Who’s In the News
U.S. Treasury’s Brainard Urges More Funds for Development Banks (Bloomberg, Sandrine Rastello)
The Treasury Department’s undersecretary for international affairs, Lael Brainard, urged Congress to authorize more funds for developments banks or face a decline in U.S. influence at institutions such as the World Bank.
Rubio eyes ‘a new American century’ (Politico, Scott Wong)
Just 40, the former speaker of the Florida House of Representatives will argue Tuesday that in the last century, the “American economic miracle” made the country a global superpower. But rather than conquer other nations, America used its strength to do good. “For us, power also came with a sense that to those that much is given, much is expected,” Rubio will say, a reference to scripture from the Book of Luke.
Donors pledge $4.3 billion for vaccines for poor (Reuters, Kate Kelland and Adrian Croft)
International donors led by Britain and Bill Gates pledged $4.3 billion on Monday to buy vaccines to protect children in poor countries against potential killers such as diarrheal diseases and pneumonia. “Today is an important moment in our collective commitment to protecting children in developing countries from disease,” said Liberian President Ellen Johnson Sirleaf, who attended the pledging conference in London. British Prime Minister David Cameron, who has defended increased spending on aid at a time of sharp domestic spending cuts, pledged $1.3 billion — almost a third of the total raised, which was more than the $3.7 billion GAVI had hoped for. Gates defended GAVI’s purchasing system and said he was always careful not to pay more than he had to. “I’m not going to spend any money that isn’t directly going to help these poor children,” he said. “I feel great about the prices we’ve got.”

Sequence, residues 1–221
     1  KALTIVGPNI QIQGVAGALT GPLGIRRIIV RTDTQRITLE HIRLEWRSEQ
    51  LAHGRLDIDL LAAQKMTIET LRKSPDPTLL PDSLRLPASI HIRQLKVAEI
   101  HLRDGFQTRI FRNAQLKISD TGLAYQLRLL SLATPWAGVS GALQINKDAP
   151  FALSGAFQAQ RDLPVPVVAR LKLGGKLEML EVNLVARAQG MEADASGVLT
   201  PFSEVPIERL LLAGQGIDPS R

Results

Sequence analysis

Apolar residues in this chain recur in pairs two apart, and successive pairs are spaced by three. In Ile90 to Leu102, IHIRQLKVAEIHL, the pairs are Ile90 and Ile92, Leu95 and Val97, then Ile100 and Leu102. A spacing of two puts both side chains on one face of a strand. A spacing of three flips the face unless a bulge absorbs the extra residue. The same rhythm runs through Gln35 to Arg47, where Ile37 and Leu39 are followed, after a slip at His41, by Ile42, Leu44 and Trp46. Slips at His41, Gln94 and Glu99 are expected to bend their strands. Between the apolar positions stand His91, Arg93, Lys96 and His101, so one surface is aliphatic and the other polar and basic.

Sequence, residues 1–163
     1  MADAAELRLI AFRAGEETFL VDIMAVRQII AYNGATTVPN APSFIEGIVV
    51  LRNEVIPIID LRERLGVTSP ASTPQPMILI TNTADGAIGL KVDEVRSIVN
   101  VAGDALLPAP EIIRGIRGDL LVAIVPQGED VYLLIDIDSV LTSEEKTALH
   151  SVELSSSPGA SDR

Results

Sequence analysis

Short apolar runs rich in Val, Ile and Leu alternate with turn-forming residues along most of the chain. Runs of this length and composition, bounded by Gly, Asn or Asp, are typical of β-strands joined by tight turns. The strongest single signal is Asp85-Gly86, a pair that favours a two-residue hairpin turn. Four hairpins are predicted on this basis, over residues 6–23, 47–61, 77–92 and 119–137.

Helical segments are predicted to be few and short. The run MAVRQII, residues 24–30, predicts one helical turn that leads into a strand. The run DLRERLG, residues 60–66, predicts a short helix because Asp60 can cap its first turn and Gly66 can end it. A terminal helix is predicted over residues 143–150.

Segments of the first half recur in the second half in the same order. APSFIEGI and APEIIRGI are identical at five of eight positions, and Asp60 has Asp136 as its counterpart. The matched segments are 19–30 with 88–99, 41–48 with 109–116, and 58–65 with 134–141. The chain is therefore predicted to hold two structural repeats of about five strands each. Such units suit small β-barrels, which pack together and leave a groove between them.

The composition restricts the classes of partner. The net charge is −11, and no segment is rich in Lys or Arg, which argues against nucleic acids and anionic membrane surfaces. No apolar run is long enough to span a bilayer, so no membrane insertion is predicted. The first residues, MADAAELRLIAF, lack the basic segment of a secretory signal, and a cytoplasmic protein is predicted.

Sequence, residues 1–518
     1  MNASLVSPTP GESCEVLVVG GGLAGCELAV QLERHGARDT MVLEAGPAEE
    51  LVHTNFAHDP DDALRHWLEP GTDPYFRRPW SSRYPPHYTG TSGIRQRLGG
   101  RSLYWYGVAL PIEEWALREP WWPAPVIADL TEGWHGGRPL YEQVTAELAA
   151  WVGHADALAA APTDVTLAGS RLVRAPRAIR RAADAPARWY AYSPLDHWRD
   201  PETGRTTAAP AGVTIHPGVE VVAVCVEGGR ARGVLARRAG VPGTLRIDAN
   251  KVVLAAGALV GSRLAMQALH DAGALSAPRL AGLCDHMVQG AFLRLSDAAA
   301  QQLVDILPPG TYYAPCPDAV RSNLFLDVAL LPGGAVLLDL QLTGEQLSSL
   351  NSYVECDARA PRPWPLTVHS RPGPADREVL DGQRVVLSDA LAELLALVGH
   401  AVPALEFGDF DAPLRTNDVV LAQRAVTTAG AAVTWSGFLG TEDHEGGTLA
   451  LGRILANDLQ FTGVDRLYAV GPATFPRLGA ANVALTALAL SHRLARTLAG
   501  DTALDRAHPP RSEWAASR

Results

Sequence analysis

A Low-Impact Stove for Rwanda (NY Times, Josh Ruxin)
Eric Reynolds and his Inyenyeri team are about to take a running start, bringing with them enormous potential to change the way that Rwandans interact not just with their kitchens, but also with waste, market access, conservation, and health. There are a lot of entrepreneurs out to change the world these days, but perhaps this kind of clean cookstove technology will be the one to transform the future – not just in Rwanda, but wherever the open wood fire is used.
Joe Biden group looks for budget deal (Politico, David Rogers)
With 2012 appropriations bills already moving through the House, White House budget talks return Tuesday to where they began six months ago: Republican demands for deep cuts from domestic spending and foreign aid.
Clinton Chastises China on Internet, African ‘New Colonialism’ (Bloomberg, Flavia Krause-Jackson)
Referring to China, Clinton said “I believe we are beginning to see a lot of problems that you are going to pay more attention to in the next 10 years.” The audience present during the recording clapped when she concluded by saying “young people will not accept to be told what to do.” The U.S. is “concerned that China’s foreign assistance and investment practices in Africa have not always been consistent with generally accepted international norms of transparency and good governance,” Clinton said yesterday at a news conference in Lusaka after meeting Zambian President Rupiah Banda.
Tackling terrorism from US East Africa base (BBC, Dan Damon)
Instead of sending in fighting troops once trouble has started in a poor country, the US is getting its soldiers to work on projects that, it is hoped, will build enough stability and opportunity to encourage the people of East Africa to hold onto peace and not fight over scarce resources.
Afghan Taliban Cede Ground in the South, but Fears Linger (NY Times, Carlotta Gall)
Beyond the influx of troops, Helmand has benefited from an ambitious development assistance program by the United States and Britain, receiving the most aid per capita of any province in the country last year. Millions of dollars have been injected into the province to provide thousands of jobs and start a plethora of development projects — to pave roads, dredge canals and construct public buildings. The projects have injected welcome cash into communities and helped buttress local governments, but there are questions about what happens when the money dries up.